Cuban couple deported after opting to come ashore

| 26/04/2011

(CNS): A Cuban couple who arrived in the Cayman Islands last month by boat have been repatriated, Immigration officials revealed on Tuesday. The married couple did not apply for asylum, immigration stated, and were both returned to Cuba almost two weeks ago on Wednesday, 13 April. The migrants had opted to land after the vessel in which they arrived, carrying 21 persons, was intercepted on 10 March off the north coast of Grand Cayman. They were the only ones who decided to come ashore and were subsequently processed by Immigration staff. Their companions opted to continue their journey to Honduras. (Photo Dennie WarrenJr)

So far this year, three Cuban vessels have arrived in Cayman waters and to date the man and wife were the first to choose to land and face deportation rather than continue on what is often a treachorous journey risked by other migrants.

Cayman policy dictates that the Cuban migrants cannot be assisted by the Cayman Islands if they wish to continue with their journey away from Cuba. If they request help, even food, water and fuel, they will be taken into custody and eventually repatriated to Cuba. If the migrants choose not to be deported they must leave Cayman waters unassisted. 

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  1. Baldric says:

    "As a result of an MOU between the Cayman Islands and the neighbouring island of Cuba migrants cannot legally be assisted by anyone in the Cayman Islands to continue their journey from Cuba." 




    The essence of the MOU is the ‘understanding’ that Cuba accepts the repatriation of any Cuban who sets foot on the Cayman Islands but does not claim asylum. Cayman patrols Fidel’s borders to molify him and avoid him triggering a ‘Mariel’ style boatlift on the Cayman Islands. 


    One person who may legally render assistance is the Chief Immigration Officer – The Immigration Law(2009 Revision) Part VII (12) Where a person who has applied for or intends to apply for asylum is desirous of voluntarily leaving the Islands for a country in which he hopes to take up residence, the Chief Immigration Officer may render to him- (a) advice and other help in relation to his proposed journey; and (b) financial assistance to defray the cost of his travel and upkeep. 


    When Manderson was the Chief Immigration Officer he created and propogated the myth that handing out a bottle of water to a Cuban was somehow illegal in and of itself – even though the power to assist was clearly vested in his offical role. He’s was a son of the soil OK, quick to cite the law but slow to obey it.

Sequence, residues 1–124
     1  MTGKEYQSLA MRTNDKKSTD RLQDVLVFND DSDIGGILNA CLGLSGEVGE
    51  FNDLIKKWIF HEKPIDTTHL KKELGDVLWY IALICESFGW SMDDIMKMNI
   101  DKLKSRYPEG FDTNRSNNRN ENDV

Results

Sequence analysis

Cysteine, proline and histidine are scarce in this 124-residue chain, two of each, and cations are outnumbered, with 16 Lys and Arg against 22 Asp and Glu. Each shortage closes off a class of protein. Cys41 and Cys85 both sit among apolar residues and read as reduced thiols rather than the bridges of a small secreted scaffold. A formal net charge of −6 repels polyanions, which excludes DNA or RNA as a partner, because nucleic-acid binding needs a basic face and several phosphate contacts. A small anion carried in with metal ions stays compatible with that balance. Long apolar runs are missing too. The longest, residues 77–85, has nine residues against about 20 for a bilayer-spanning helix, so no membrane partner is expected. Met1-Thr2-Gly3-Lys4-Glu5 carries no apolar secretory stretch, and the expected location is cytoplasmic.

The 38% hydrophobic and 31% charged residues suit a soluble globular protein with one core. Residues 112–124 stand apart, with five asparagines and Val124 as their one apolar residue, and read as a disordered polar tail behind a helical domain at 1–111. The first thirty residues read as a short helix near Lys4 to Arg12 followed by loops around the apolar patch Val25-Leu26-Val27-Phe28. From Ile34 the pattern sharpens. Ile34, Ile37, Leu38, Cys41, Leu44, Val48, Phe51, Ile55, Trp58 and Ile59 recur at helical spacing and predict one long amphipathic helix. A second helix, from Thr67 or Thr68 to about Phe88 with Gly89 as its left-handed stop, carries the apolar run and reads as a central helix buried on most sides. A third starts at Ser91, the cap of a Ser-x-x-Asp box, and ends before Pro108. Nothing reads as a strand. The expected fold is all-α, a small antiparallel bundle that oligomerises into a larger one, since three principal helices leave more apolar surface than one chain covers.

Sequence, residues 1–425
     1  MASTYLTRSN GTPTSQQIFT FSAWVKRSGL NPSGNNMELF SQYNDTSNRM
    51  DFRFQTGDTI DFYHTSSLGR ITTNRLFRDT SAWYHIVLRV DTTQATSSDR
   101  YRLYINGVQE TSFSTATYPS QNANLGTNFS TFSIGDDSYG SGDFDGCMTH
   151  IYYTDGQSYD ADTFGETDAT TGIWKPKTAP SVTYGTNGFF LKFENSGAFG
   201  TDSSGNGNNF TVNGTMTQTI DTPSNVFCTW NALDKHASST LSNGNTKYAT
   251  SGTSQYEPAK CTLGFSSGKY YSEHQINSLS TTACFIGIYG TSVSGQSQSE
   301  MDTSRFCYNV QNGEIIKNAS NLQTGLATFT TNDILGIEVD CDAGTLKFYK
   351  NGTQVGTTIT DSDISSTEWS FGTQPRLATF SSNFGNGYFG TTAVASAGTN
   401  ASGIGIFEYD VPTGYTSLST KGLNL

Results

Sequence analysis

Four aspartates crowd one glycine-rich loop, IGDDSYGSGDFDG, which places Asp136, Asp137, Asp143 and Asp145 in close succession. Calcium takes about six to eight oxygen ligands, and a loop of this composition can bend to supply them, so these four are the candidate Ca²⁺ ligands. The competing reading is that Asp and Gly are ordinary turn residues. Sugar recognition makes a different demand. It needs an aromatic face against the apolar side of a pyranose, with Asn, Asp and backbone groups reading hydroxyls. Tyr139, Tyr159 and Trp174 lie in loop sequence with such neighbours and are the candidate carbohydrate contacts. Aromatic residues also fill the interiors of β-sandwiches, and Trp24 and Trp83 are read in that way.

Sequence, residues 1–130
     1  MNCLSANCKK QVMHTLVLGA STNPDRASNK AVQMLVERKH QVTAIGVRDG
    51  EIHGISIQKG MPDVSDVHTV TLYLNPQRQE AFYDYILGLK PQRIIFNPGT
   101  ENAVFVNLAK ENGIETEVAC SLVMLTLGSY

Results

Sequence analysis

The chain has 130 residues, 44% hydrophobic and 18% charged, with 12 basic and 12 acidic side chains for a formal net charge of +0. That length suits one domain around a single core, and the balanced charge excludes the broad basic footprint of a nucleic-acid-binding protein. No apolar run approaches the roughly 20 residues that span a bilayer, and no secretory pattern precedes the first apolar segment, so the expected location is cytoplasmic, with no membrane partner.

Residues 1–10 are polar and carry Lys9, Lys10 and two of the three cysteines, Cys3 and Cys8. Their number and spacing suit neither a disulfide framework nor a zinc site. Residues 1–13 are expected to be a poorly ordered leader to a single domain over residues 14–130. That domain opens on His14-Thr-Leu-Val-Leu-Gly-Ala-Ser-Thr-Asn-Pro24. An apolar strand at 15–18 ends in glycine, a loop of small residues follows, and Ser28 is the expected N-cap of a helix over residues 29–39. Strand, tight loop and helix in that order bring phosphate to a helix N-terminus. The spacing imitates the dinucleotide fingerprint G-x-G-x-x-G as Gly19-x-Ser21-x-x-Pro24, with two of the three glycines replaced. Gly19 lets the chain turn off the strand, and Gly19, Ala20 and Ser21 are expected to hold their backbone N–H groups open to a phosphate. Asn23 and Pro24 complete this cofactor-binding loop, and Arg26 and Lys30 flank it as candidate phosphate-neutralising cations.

CNS: You are right that we were wrong about the MOU – I have changed that in the story – but you are right and wrong in the last several paragraphs. The immigration law refers to people who intend to apply for asylum, which is not the case for most migrants – the US wet foot-dry foot law means they don’t have to. I have attached the 2005 policy passed by Cabinet and the GIS press release that came with it FYI. As far as I know this policy is still in effect. I’ll put the MOU and other stuff in the library when I get a minute, including the 2004 policy, which I think I still have, which states that the migrants could be given basic assistance by Cayman officials. 

  2. Dennis says:

    They are picked up at the airport and after a medical check taken back to their Government built house. Come on do we really believe that this couple and other Cubans would go back to Cuba if others go missing?

    Many of the Cuban nationals who come here have made repeated attemps to leave Cuba.

  3. Anonymous says:

    I wonder if they do investigations as to what happens to the Cubans who have absconded and were repatriated back to Cuba against their will. I have heard some of them go missing.

    • Anonymous says:

      That is not true, they are given a medical examination, and held in detention for three days to have this done, then they are transported back to their individual homes.
      The only problem is that if they had a job before leaving, they will loose that job to someone else, and will have to apply for another. Dont fool your self, Cubans dress better than me and you. Some of them, and I repeat some of them struggle for a few things. But they wear the latest designer clothes, the best weave hair, nails and toes done, have the best cell phones but will sell their food and clothes to but an expensive cel. They have recorders, Ipod, laptop, internet and everything we have. They just want more, trust me when I say this because I live there.

      • Anonymous says:

        That’s the biggest load of absolute rubbish I’ve ever heard. Cubans with laptops, ipods and designer clothes?

        Anybody that’s every been to Cuba knows what it is like and how poor the people are. 


      • Anonymous says:

         dude! Miami is NOT Cuba!

      • Anonymous says:

        You are totally wrong. You need to walk a mile in their shoes to understand. Have you ever lived under Castro’s oppressive regime?
        Do you know what happens to repatriated Cubans when they are returned to Cuba? They are jailed and many disappear altogether. Family members are told they must have drowned at sea. You are very ignorant and naive. Cayman Island’s policy of not rending help, providing food and water as well as medical assistance often amounts to a death sentence to these freedom loving people who will rather continue to Honduras or another safe haven rather than risk the almost certain reality of being repatriated. We treat them worst than animals. Even a dog will get food and water if he needs it. As I drive through this beautiful paradise and see so many churches of many denominations I can’t help but notice the irony. Where is the heart of the Caymanian people, people that have a history of slavery and oppression very similar to thatof many Cubans today.